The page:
Without divulging too much personal information, all I can say is that my classmates are amazing. To end LifeStages, we had a final “Meet the Students” segment. Throughout the course, we had various “Meet the Professors/Patients” workshops integrated into our curriculum, mostly there to shed light on how patients and their families deal with medical disabilities. However, this session was an opportunity for some students to speak in front of the class and faculty to share their life experiences. Mental illness, poverty, domestic violence and child abuse, drug addiction, you name it. And still, the theme was transformation: fighters became artists, users became creators, lambs became lions. There was a sanctity that came over the room when people spoke. At times it felt so raw and uncomfortable, invasive even, that sitting just three feet away from the podium made me feel like I was intruding on a private moment. In an hour and a half, the mood went back and forth between the austerity of a funeral and the ebullience of a wedding, yet somehow it all made sense with the rhythm of the event. What I took away from that afternoon was more important that anything I could learn from a book. In a way, listening to someone tell you a story like that can change you too. I don’t think that I can look at a friend, a patient, or any other person for that matter without thinking about the transformations they’ve gone through. Or perhaps, the transformation they are undergoing right now. You just never know who’s gone through hell and back.

To those who wish to pursue medicine: I don’t have much experience yet, but I can honestly say that I’m living my dream. What I do know is that you should stay focused, be compassionate, have empathy, advocate for your patients, and embrace transformation. In the end, those qualities are all that you really have to offer and the only ones that actually matter. And that is something that will never change.

Thanks for stopping by.

– TS℞




White Coat Woes

“Hi, I’m student doctor James, nice to meet you. What brings you in today?”

I never really intended on blogging, but after starting a maybe-kinda-sorta-project on Instagram a few months ago, I decided to chronicle my adventures in medical school. I have no intentions of being famous from this, I just want to share my story (but with the way my student loans are looking, that actually wouldn’t be so bad). Though I initially intended my IG account to be a superficial collection of lifestyle posts, OOTDs, and awesome food, it soon became apparent that I needed to do more. While I believe my IG account will continue to stay as it is, I hope to use this to share more detail: thrift store hauls, style tips for the sartorially inclined, an awesome meal I’ve had, advice and fears about medical school for premeds and fellow medical students. I also hope you all can share with me, even if I only have 5 followers. So, let me start off with my first few months of medical school.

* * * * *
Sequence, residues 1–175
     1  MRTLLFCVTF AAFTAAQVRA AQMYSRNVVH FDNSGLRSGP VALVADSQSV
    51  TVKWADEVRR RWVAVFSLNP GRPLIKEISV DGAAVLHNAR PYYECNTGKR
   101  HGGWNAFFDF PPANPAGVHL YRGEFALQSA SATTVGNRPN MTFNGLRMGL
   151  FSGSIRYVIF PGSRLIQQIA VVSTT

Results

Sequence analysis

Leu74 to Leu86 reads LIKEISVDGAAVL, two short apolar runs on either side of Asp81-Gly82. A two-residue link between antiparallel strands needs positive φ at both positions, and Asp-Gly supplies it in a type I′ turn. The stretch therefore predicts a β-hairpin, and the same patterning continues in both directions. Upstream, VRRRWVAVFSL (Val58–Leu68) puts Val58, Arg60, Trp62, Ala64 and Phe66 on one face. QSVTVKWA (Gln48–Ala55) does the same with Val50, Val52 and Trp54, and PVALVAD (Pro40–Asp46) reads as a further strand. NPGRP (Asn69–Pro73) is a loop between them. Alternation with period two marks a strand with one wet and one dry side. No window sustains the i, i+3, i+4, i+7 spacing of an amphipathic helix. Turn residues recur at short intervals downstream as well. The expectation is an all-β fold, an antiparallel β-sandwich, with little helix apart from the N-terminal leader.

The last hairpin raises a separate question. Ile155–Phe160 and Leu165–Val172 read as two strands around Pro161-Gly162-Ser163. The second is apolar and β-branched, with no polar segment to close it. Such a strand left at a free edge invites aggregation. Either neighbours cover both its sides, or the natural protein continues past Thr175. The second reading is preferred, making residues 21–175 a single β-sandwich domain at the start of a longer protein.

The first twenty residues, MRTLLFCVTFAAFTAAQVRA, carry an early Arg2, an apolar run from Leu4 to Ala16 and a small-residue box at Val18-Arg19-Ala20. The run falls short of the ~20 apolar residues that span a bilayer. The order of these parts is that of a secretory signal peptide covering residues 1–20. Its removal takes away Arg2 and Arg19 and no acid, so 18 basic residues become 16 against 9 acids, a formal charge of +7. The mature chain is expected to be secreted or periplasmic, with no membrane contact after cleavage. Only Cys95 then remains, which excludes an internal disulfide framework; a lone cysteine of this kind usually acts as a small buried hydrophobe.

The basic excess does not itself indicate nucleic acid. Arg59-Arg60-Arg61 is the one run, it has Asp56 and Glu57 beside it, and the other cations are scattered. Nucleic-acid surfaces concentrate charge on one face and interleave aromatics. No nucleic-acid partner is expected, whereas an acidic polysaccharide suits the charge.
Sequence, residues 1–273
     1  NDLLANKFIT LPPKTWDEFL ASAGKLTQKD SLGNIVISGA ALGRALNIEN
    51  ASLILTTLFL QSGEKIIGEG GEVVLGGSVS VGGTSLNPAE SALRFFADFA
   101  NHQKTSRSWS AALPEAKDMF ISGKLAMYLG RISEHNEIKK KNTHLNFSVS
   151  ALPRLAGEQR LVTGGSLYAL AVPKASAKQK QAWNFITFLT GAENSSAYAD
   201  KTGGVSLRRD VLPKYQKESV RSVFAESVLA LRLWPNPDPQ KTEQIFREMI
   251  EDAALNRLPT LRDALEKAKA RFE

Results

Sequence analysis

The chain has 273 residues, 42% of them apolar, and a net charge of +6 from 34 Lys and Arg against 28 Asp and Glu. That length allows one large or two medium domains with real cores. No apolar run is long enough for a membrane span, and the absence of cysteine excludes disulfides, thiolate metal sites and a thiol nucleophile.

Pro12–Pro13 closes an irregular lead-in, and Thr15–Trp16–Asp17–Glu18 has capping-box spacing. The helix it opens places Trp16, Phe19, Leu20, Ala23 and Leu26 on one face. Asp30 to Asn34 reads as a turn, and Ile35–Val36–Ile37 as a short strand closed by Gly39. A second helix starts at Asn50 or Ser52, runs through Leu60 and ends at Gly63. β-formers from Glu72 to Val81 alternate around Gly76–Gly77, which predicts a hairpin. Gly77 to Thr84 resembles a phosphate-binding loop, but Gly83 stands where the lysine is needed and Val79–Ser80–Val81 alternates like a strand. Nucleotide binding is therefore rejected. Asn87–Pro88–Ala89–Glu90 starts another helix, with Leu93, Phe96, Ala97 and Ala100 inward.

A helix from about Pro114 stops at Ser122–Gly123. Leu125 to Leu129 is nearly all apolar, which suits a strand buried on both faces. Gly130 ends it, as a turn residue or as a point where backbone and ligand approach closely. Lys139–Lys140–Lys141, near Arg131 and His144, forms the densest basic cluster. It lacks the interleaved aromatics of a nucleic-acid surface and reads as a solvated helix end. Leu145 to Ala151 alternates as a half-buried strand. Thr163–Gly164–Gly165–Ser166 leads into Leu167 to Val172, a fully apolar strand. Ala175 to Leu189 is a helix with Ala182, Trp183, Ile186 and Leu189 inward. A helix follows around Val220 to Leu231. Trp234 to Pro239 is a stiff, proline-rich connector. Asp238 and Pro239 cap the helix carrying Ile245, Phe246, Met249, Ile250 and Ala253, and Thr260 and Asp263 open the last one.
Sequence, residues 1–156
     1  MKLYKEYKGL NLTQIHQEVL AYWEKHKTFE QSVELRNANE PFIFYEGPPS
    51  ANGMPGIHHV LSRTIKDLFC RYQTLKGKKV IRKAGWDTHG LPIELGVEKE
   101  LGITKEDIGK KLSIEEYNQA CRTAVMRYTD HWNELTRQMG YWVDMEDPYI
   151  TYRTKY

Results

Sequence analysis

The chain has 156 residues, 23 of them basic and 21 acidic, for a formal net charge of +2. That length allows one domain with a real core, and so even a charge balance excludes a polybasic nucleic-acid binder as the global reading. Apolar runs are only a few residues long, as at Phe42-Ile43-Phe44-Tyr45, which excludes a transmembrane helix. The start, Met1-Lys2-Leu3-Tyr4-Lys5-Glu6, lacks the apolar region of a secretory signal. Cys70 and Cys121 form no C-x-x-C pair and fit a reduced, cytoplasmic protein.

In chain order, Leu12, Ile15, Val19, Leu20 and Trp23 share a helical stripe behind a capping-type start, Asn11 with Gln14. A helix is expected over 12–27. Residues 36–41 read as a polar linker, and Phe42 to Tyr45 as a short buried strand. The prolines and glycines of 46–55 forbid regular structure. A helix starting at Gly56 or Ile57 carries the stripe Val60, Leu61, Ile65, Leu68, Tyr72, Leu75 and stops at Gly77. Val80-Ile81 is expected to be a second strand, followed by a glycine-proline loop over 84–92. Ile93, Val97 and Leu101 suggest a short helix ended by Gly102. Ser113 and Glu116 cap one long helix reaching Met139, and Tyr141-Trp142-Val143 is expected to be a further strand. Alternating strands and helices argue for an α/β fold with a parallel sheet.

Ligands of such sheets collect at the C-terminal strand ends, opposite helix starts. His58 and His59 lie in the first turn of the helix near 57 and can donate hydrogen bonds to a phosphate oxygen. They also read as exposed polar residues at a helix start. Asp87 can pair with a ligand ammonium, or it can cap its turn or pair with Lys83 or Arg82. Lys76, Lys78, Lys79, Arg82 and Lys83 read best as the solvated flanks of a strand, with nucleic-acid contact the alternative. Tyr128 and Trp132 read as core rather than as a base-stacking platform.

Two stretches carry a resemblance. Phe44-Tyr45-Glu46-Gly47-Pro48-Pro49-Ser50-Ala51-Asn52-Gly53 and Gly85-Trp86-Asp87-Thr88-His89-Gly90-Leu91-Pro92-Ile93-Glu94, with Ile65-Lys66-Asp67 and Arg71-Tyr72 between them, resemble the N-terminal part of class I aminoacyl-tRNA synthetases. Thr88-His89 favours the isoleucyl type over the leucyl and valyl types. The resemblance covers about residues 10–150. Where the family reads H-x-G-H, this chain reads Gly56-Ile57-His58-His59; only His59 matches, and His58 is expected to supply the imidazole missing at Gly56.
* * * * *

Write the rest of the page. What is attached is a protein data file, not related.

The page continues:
Like many of you premeds and med students out there, this is a goal that I’ve worked toward for the majority of my academic life. It’s interesting being back at square one, especially after being so laser-focused on getting into med school for over 10 years. It’s humbling (yet funny), going from knowing nothing to still knowing nothing, but about different stuff. I’m adjusting well both academically and socially, but to be honest, I’m still uncomfortable in my white coat. I just don’t feel like I’ve earned it yet.

Before my white coat ceremony I thought it was nice that my school waited until after our first exam to don us with the symbol of our profession (although if I had to change one thing, maybe it wouldn’t have been directly after our exam that morning). In contrast to some of my peers at other schools, I thought “yeah, I’ve earned the right to wear this.” I was right, kind of.

Since then, I’ve demonstrated proficiency on two exams in genetics, biochemistry, physiology and most undergraduate science majors combined and condensed into two months. I’ve had simulated office encounters on standardized patients and had the opportunity to become part of the healthcare team in our student-run free clinic. I’ve rotated through different departments in the hospital (OR, IM, Peds, OB/GYN, ICU, ED) and contributed my knowledge as a healthcare professional in laboratory medicine. And yet, I’m still unsure. Our professors tell us all the time how different our school is, how special our class is, how they wish they had received same the immersive, integrative training when they were in school. I try not to take this experience for granted, I’m in a special place after all. But, and I think this is the first time I’m admitting this, I’m actually terrified.

It’s amazing how quickly the nagging monsters of self-doubt come back to haunt you after you thought you’ve laid them to rest, especially when you’re caring for a real, live person. I just want to do good by them, by all of them. The ones I’ve seen and have yet to see. I just want to be a good doctor. I see the M3s and M4s walking into patient rooms, talking to them with confidence and assuredness, impressing the attendings and residents with their knowledge. Maybe I’m being too hard on myself, we’re only a few months into school after all. We’ll all get there soon, call me impatient.

WELL. Hopefully that wasn’t too much of a downer. I hope to keep this blog relatively light, but I don’t want to be afraid to tackle real issues if they come up. Thanks for reading, everyone.

Come back soon for your refill,

– TS℞